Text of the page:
Josh Ballard

Your firm has just been handed a $300,000,000 fine. Someone has to take the blame, so your COO has stepped down. The media are scrutinizing your every move. Your PR team is struggling to protect your CEO from public embarrassment. To make matters worse, your share price has fallen through the floor. Investors are questioning your integrity and viability. The damage done to your brand is irreversible, and you’re forced to szhutter the business.

This is the nightmare scenario that every financial firm wants to avoid. This is why financial compliance is more important than ever. When firms bend the regulatory rules too far, huge repercussions are never far behind. 

Substantial Financial Penalties

The threat and growing prevalence of regulatory fines are merely the beginning.

In 2019, the U.S. Securities Exchange Commission (SEC) issued penalties and disgorgements totaling U.S.$4.3 billion – an increase of approximately 10% from the previous year.

Those fines came from 862 enforcement cases. That’s the second-highest amount ever recorded by the SEC, with the average penalty costing $554,033. 

Compliance misconduct and fines aren’t purely monetary penalties. Although financial firms often budget for fines, this approach is extremely shortsighted. The impact to business continuity and brand reputation – both for the firm and its operators – can be much more painful. 

Senior Executive Accountability

If a compliance breach is severe, the regulator may call for removing managers, the chief compliance officer or the senior executives who are accountable. Alternatively, a firm may attempt to distance itself from the fine by dismissing the executives directly responsible, painting them as rogue employees.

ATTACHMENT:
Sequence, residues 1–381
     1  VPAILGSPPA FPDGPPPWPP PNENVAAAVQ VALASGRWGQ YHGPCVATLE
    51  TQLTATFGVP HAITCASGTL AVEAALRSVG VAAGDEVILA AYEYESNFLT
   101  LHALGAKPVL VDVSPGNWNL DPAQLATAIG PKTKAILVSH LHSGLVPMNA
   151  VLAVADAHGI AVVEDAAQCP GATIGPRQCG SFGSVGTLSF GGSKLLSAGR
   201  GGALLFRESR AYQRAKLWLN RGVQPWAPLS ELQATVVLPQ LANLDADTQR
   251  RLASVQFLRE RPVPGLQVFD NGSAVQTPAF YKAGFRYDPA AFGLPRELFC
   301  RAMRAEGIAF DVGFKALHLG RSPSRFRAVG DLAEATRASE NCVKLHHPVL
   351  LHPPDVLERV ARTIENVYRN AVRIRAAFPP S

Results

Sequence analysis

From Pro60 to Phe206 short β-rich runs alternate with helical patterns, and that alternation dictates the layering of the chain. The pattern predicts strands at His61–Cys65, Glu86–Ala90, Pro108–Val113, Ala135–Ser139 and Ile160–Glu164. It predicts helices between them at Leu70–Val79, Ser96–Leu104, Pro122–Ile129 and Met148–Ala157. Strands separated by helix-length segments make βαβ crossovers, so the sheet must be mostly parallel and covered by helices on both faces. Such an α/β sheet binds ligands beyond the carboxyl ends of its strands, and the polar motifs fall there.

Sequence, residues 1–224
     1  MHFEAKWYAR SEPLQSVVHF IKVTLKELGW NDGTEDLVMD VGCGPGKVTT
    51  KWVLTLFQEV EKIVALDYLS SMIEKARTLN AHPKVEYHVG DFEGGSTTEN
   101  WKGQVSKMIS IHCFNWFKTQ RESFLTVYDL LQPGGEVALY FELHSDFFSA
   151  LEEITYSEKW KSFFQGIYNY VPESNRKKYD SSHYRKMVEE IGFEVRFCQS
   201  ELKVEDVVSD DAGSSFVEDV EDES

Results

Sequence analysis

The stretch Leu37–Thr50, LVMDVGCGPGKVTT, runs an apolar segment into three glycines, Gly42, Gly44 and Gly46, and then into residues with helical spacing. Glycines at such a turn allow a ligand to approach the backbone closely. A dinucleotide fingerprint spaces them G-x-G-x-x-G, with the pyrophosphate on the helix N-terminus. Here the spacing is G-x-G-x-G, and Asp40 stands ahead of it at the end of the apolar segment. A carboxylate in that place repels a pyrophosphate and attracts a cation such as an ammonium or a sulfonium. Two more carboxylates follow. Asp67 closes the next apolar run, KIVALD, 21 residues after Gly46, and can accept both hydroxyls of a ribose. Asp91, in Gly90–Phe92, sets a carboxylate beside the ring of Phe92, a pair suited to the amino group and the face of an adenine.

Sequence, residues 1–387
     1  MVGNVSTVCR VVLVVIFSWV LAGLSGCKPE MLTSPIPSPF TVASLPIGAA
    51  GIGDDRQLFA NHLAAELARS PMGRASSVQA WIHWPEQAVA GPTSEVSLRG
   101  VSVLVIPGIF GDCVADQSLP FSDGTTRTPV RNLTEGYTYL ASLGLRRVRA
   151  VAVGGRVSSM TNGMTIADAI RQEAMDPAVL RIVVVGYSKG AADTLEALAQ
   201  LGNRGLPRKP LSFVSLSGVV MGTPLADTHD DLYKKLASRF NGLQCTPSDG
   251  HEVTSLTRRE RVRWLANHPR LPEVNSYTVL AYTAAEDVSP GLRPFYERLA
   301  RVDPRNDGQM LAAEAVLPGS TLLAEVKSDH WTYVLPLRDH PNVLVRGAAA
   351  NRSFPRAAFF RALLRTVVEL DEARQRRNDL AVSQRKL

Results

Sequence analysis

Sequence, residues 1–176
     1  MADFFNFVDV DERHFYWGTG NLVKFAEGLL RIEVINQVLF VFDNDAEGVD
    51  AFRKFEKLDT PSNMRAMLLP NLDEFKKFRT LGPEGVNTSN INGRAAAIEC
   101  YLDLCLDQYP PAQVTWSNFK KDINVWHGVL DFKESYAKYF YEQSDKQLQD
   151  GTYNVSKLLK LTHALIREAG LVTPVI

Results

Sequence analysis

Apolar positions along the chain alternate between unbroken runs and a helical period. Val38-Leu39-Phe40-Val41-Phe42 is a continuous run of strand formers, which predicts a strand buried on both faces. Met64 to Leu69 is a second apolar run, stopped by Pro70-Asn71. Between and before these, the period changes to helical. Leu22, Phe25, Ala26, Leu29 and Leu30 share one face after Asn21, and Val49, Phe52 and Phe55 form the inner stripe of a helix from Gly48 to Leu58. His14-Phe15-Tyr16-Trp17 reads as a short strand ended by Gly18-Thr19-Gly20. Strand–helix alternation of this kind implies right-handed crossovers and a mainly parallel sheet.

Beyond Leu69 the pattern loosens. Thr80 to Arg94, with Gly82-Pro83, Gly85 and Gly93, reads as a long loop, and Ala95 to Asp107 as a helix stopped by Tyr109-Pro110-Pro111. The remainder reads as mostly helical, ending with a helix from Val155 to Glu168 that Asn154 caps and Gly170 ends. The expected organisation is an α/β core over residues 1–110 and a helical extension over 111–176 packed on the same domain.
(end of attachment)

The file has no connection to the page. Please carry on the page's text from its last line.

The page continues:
In some cases, the scandal is so egregious that those at the very top have to step down. The swell of public and lawmaker pressure following the Wells Fargo account fraud scandal resulted in the resignation of longtime CEO John Stumpf in 2016. His successor, Timothy Sloan, struggled for two and a half years to contain the scandal before resigning after calls from U.S. regulators and Congress for his departure.

Why is financial compliance important?

Financial compliance is important because when financial institutions operate within the rules set out by regulators they are protected from substantial fines, negative media coverage, and irreparable brand damage.

Living a Bad Movie – Facing Trial by Media

The last thing your firm needs during a pandemic and uncertain macro environment is your CEO in front of cameras facing a public trial by media. Nowadays, you may not even be afforded that luxury. The Netflix series “Dirty Money” has an entire episode titled “Cartel Bank” examining HSBC’s money-laundering lapses that resulted in a $1.9 billion fine. Although the penalty was issued in 2012, the episode didn’t hit screens until 2018. Once your financial compliance infringement is public, you never know how or when it will resurface.

Bearish Impact on Stock Price

Once a regulator publishes its findings and issues a fine, there is often a reaction in the stock market. If you’ve been found to be non-compliant, what other issues may be hiding under the surface? Is this just the tip of the iceberg? Investor confidence may slip, and before you know it, the stock price tumbles.

When Kweku Adoboli was found to have been making unauthorized trades at UBS, the bank was fined $47 million. The fine was the least of the bank’s worries. The scandal prompted the resignation of CEO Oswald Gruebel and wiped $4.5 billion from the UBS share price.

Irreparable Damage to the Brand

Sometimes, instances of non-compliance are so damning that irreparable damage is done to the brand. Public image has become so toxic that investors pull their money en masse or the regulator forces the firm to close.

At its peak in 2001, Pequot Capital was managing $15 billion of assets, making it one of the largest hedge funds in the world. In 2006, a raft of insider trading allegations caused investors to shun the firm. A few years later, the founder Arthur Samberg admitted defeat.

“It’s increasingly untenable for the firm and for me,” he said, “I have concluded that Pequot can no longer stay in business.”

How to Ensure Financial Compliance

A manual financial compliance process is no longer enough to guard against the threat of company-ending crises. The world’s largest banks, hedge funds, and private equity firms rely on Behavox Compliance and its industry-leading detection rate to uncover risks within their organizations quickly and accurately – before it’s too late.